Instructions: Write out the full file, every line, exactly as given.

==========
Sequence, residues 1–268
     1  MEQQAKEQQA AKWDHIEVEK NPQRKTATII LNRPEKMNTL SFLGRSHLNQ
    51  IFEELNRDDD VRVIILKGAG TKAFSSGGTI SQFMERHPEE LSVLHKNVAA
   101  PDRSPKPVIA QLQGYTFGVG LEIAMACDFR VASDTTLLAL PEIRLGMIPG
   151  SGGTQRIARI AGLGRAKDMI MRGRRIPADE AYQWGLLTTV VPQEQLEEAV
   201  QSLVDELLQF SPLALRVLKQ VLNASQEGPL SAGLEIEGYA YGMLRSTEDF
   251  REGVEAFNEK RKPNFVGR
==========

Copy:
Sequence, residues 1–268
     1  MEQQAKEQQA AKWDHIEVEK NPQRKTATII LNRPEKMNTL SFLGRSHLNQ
    51  IFEELNRDDD VRVIILKGAG TKAFSSGGTI SQFMERHPEE LSVLHKNVAA
   101  PDRSPKPVIA QLQGYTFGVG LEIAMACDFR VASDTTLLAL PEIRLGMIPG
   151  SGGTQRIARI AGLGRAKDMI MRGRRIPADE AYQWGLLTTV VPQEQLEEAV
   201  QSLVDELLQF SPLALRVLKQ VLNASQEGPL SAGLEIEGYA YGMLRSTEDF
   251  REGVEAFNEK RKPNFVGR